Hello dear readers! It certainly has been a while since we’ve updated our page. It’s not for lack of travels but rather some form of burning out. We all have ups and downs, and we hope you can excuse our rather long recluse. But we’re back to finish up some of our travels in the great Outback! Actually not quite, we never made it into the Outback, but we did make it to the Victoria Highlands. In the beautiful Oven’s Valley of northeastern Victoria is a small but versatile national park: Mt. Buffalo. I planned my entire trip to Bright around a day trip to this park because of it’s long, scenic hike called The Big Walk. There’s a handy TL;DR highlight at the bottom if you’re just here for planning your own trip!

Map outlining the trail, as well as other notable points within Mt. Buffalo National Park
Trail map for my hike

Mt. Buffalo National Park

I was really impressed with the level and variety of activities available in this park. The Big Hike is one of tens of hiking trails. The roads offer challenging biking excursions, there are camp sites, waterfalls, and even a launch pad for hang gliding! Based on what I saw though the park is largely utilized as a drive up to the top of the Gorge Day Visitor area to take in the sights.There is an old Chalet that has had a lot of trouble with maintenance and upkeep but has quite a bit of history in its old bones.

Shot of the Gorge from across one side
Those tiny colorful dots on top are people!

While I went in the summer, the park is also incredibly active in the winter. Maps and locations are available for tobogganing, snow shoeing, or cross country skiing. Looking to spot some wildlife? The park is also host to kangaroos, wallabies, possums, gliders, a variety of birds and wombats. Don’t forget to check out Dingo Dell for a chance to spot these wild canines and take in a treat at the café. If I lived nearby I’d certainly try out this park for all its seasonal worth.

About The Big Walk

The hike took me approximately 7 hours to cover 11.6 kilometers or 7.2 miles. That’s a bit slow but I took a lot of stops to photograph, rest, and just enjoy the solitude. I really recommend to start early because the birds in this park are so abundant and beautiful to listen to at the base of the mountain. I brought binoculars but I’m a horrible bird spotter and didn’t see any. I HEARD many though!

Signpost on the trail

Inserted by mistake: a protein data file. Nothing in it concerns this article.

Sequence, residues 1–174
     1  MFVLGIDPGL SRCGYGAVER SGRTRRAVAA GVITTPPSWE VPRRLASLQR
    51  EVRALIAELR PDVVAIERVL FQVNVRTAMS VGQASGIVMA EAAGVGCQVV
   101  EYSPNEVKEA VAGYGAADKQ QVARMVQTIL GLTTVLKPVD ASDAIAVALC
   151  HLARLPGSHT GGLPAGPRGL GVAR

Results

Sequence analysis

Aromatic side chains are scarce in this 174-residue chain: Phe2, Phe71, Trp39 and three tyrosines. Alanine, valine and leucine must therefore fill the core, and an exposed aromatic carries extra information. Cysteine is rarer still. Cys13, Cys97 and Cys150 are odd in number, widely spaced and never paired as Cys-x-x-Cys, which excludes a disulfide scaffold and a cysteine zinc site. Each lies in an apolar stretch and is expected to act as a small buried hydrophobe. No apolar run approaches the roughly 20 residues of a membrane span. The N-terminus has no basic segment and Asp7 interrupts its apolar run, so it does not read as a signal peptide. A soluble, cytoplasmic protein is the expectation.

Be sure to check out Marriot and Mackey’s Lookout

I was really impressed with the trail’s upkeep given how little use it seems to get. Wood had been cleared quite recently, it was easy to spot the trail, markers were in good conditions and I never got lost. I also got to experience some extremely different ecosystems and diversity. Lush forests, craggy exposed granite trails, and stunning views of the valley the higher I got. Towards the top I suddenly found this landscape of incredibly stark, white, dead trees presumably from forest fires in the past. Keep a hat or sunscreen handy for when you’re walking in exposed areas.

 

White dead treeline against a shorter forest
The stark white against all the greens and blues really shocked my eyes

It is a lot less isolated than I thought it would be often cutting across or running parallel to the major roadway during the first 3rd of the trail. This gave me a nice sense of security since in the worst case scenario, I could backtrack and flag someone down. In other ways this was disappointing because I really enjoy moments where I am on my own. Like that time I was traveling abroad for the first time, my grandparents missed their connecting flight from Kansas City to Florence so I had to go it alone. When I landed I realized my phone would work perfectly fine and I was in a way bummed. I wanted to be tuned off and out. But by the time I got to the hotel I had my cell phone stolen in the first 15 minutes. To be honest I did not panic- I smiled and went out to explore. Still being alone in a touristy city is a huge leap from a solo hiking experience so safety first.